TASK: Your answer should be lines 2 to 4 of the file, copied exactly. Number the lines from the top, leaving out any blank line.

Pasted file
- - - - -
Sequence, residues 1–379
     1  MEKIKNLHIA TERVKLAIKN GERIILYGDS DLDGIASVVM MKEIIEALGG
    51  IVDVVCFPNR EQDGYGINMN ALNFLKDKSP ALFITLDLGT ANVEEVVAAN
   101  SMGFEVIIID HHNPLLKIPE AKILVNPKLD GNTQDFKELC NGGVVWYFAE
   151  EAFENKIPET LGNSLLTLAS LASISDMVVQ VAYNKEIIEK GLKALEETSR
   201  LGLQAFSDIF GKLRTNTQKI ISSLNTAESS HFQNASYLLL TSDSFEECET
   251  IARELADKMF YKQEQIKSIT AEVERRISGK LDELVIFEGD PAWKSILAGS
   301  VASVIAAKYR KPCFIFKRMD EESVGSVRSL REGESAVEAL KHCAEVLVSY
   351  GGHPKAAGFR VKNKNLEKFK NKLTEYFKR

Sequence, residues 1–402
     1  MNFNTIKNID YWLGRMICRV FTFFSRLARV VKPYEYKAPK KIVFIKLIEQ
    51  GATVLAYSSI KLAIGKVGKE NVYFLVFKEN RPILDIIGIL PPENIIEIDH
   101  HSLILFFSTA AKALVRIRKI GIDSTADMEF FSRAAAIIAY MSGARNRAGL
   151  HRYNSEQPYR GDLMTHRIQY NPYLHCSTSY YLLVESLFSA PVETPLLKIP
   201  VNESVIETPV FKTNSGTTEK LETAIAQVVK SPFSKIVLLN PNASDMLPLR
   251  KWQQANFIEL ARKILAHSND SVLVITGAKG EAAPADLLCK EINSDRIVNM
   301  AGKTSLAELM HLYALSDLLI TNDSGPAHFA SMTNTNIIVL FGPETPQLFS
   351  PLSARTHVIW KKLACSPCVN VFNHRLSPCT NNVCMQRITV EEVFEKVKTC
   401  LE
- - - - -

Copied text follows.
     1  MEKIKNLHIA TERVKLAIKN GERIILYGDS DLDGIASVVM MKEIIEALGG
    51  IVDVVCFPNR EQDGYGINMN ALNFLKDKSP ALFITLDLGT ANVEEVVAAN
   101  SMGFEVIIID HHNPLLKIPE AKILVNPKLD GNTQDFKELC NGGVVWYFAE